S&P 500 Index: What It Is, How It Compares To The Straits Times Index (STI) & Rocket Method Trading (Plus Upcoming FREE Live Webinars)

S&P 500 Index What It Is, How It Compares To The Straits Times Index (STI) And What Is Rocket Method Trading

This article was written in collaboration with Concept of Price, focusing on the S&P 500 Index. They are a group of experienced traders and they will be holding a FREE LIVE WEBINAR to share with attendees their unique Rocket Method Trading! For those who are interested, you can sign up here.

Regardless if you’re a student or a working adult, most of us know that we should probably dabble in investments and earn passive income. If you want to increase your wealth or reach your financial goals, plainly relying on your paycheck is not going to cut it.

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Of course, there are some of us who have been diligently saving and putting our money into our savings account. But, numbers don’t lie. Even the highest interest rates for a savings account by banks is only at 3.88% per annum.

As for those who are interested in investments, they would have heard of stocks. Investing in stocks is common in Singapore, though there are often horror stories of investors who got badly burnt in trading.

Aside from stocks, there’s actually another form of investment known as Exchange-Traded Funds (ETFs). What are ETFs? How safe are they and what about instruments such as the S&P 500 Index? How does the S&P 500 Index compare with the Straits Times Index (STI)? Read on to find out which suits you more.

Disclaimer: This is not financial advice. It’s a short explanation and if you decide to invest in any of the instruments, please do your due diligence.

What is an ETF and the 7 Popular ETFs in Singapore

ETF stands for Exchange-Traded Funds. It is an investment fund that is traded on stock exchanges and consists of assets such as bonds, stocks and more. Confused? Don’t worry, let’s use an example to make it more relatable.

At the supermarket, you can buy apples, bananas and oranges. These are classified as fruits, just different types of them. In investments, stocks, options, the S&P 500 index are the same. They are just different investment instruments.

Just like how some people fancy apples to oranges, some people prefer investing in ETFs to other instruments.

 

So, what are the popular ETFs? Here we have the top 7 ETFs in Singapore:

 ETF In SingaporeWhat It Tracks
1S&P 500 ETF Top 500 companies on the US stock market
2SPDR Straits Times Index (STI) Largest 30 companies on SGX
3Phillip Sing Income ETFTop 30 stocks on the SGX
4Lion Phillip S-REIT ETFTop Singapore REITs
5ABF Singapore Bond Index FundHigh-quality bonds by the Singapore government and quasi-government entities
6Nikko AM STILargest 30 companies on SGX
7SPDR Gold SharesPrice of gold bullion

There are of course, other instruments such as stocks and options.

Choosing the right type of investment for yourself depends on your long-term goals, how patient you are and how much time you have. A full-time trader might choose a different investment route from an office employee trying to make passive income on the side.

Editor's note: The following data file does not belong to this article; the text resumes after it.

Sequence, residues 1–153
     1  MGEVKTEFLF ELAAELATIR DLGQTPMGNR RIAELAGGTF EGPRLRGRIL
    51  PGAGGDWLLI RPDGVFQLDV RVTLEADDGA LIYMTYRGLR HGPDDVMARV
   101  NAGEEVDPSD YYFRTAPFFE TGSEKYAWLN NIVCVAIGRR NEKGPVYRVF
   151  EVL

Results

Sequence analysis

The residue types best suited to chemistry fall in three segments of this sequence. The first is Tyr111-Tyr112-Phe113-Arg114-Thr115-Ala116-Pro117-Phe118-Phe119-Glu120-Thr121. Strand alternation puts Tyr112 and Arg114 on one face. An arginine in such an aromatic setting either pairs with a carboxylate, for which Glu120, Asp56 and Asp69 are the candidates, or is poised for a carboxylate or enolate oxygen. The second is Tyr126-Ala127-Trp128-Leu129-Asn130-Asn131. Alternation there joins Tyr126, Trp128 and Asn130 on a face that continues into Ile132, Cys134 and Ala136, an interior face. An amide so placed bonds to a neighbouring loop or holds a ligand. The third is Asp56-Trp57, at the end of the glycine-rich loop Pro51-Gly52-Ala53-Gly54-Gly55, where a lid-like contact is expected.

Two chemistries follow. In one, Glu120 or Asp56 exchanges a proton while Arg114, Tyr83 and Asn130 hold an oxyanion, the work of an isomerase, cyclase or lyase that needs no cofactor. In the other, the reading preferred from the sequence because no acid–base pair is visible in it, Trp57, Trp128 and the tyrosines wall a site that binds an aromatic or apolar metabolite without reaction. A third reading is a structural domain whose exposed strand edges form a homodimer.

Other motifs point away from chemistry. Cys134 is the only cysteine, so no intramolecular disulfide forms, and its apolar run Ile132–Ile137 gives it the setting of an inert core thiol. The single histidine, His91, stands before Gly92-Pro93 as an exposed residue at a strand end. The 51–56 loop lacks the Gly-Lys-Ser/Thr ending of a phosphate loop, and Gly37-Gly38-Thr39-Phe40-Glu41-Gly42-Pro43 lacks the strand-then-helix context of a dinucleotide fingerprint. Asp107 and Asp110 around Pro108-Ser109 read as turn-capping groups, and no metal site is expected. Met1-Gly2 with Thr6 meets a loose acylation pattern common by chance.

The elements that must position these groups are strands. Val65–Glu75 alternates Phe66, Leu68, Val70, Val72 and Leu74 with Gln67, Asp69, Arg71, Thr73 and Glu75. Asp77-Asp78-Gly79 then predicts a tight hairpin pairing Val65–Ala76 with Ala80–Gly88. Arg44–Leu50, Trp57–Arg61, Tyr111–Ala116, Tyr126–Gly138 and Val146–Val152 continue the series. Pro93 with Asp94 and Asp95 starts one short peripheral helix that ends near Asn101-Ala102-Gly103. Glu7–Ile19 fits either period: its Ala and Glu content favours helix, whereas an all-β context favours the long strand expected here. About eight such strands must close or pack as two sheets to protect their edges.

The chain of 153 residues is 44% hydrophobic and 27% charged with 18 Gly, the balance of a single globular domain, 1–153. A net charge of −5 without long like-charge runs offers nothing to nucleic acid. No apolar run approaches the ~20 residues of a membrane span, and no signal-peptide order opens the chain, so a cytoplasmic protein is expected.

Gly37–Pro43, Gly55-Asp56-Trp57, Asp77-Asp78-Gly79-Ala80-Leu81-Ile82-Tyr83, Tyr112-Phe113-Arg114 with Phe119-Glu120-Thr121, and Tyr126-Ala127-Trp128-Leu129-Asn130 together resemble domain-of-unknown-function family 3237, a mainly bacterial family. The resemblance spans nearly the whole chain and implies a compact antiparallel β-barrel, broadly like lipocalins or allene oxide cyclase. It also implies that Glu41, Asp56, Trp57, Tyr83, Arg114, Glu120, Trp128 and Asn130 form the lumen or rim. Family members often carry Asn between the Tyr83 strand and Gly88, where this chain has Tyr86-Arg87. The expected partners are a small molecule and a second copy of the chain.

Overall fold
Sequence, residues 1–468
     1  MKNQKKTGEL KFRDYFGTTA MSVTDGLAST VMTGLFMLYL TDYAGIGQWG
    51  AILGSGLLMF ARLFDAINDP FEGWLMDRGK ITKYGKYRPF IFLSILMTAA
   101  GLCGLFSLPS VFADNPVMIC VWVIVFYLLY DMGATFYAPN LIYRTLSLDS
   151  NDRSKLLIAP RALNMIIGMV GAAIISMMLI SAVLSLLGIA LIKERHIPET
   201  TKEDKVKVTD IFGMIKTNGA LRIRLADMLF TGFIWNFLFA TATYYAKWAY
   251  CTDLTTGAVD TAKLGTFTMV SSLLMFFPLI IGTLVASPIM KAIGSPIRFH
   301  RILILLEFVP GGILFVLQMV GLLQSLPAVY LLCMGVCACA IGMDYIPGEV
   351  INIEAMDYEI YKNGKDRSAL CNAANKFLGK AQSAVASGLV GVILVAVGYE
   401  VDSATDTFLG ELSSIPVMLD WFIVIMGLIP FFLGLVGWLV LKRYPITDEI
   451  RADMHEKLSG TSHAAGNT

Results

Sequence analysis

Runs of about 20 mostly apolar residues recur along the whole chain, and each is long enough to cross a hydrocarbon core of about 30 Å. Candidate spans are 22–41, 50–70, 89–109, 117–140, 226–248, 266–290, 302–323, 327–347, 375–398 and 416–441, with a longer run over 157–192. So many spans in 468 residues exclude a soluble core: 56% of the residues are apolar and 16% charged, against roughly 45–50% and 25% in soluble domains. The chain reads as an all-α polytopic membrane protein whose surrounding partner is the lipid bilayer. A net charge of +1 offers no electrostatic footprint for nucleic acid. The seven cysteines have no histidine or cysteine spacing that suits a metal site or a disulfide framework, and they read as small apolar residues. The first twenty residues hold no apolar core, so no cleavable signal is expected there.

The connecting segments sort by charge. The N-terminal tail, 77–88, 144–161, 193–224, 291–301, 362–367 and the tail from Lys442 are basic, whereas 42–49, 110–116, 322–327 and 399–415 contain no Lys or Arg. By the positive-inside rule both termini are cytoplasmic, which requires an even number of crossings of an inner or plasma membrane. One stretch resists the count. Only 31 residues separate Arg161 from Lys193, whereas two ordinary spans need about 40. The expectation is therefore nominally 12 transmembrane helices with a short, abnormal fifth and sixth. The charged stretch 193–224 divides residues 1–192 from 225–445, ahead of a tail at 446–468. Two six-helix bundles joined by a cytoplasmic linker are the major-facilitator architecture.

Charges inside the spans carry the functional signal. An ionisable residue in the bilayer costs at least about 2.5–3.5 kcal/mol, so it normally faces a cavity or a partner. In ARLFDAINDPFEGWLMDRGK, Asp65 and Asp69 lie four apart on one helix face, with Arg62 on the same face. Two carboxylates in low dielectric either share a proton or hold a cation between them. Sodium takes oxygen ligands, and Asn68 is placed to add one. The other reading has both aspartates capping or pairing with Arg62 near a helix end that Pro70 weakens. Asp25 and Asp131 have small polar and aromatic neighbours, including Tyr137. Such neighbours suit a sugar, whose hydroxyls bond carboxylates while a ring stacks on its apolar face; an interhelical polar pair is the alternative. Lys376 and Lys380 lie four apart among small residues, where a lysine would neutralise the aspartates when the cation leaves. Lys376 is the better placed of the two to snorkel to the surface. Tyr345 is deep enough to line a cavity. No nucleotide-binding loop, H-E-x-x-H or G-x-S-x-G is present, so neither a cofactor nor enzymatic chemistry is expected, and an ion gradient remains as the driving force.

ETFs vs Unit Trust – Who does what?

Okay, before we explain more about what ETFs are and what they do, there’s another index fund that’s available – Unit Trust.

A unit trust may also be known as a mutual fund. It is generally a fund where investors combine their investment money and pass it to a fund manager. This fund manager then takes the money and puts it into a bunch of different investments.

1. You have no control in a unit trust

When you choose unit trusts, it becomes a collective investment. As the name suggests, you have to trust your fund manager. You have no control over the components in the investment portfolio and you pass the remote control to your fund manager.

2. ETF fees are lower than that of unit trust charges

Unit trusts are professionally managed by fund managers. This means that the manager has to research, keep himself or herself up-to-date with the latest news to make informed financial decisions. A unit trust fund manager will collect higher commission fees up to 5% of your potential profits.

ETF fees are lower compared to a unit trust. This is because ETFs are passively managed and even if there is a fund manager, it would not require the same amount of time and effort to manage the account like a unit trust.

3. You need higher initial investments for a unit trust

In general, you will need to prepare a greater initial investment amount for unit trusts than ETFs. Most banks in Singapore do set a minimum investment amount (for example, $1,000) before getting back to customers.

On the other hand, you do not need a lot of money to start on ETFs.

 

S&P 500 Index vs STI: What are they and what do they measure?

What is the STI and what do I need to know about it?

Let’s begin with something closer to home, the STI.

STI is one of the top ETFs in Singapore and it stands for the Straits Times Index. It was created in 1966 and it is an index consisting of the largest 30 companies in Singapore. STI is Singapore’s very own index that tracks the top companies’ stock exchanges on the SGX.

STI is 100% based on Singapore’s market.

It tracks the top 30 companies in Singapore, which are also known as “blue chips”. These “blue chips” are the strongest companies with great liquidity.